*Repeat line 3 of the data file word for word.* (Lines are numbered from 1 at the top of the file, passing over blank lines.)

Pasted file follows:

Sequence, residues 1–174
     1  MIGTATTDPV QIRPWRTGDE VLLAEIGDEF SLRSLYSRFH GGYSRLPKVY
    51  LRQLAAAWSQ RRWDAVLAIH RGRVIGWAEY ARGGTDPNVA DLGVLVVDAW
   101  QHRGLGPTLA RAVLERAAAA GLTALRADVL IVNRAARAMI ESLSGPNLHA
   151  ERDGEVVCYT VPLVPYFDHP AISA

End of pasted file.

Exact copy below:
    51  LRQLAAAWSQ RRWDAVLAIH RGRVIGWAEY ARGGTDPNVA DLGVLVVDAW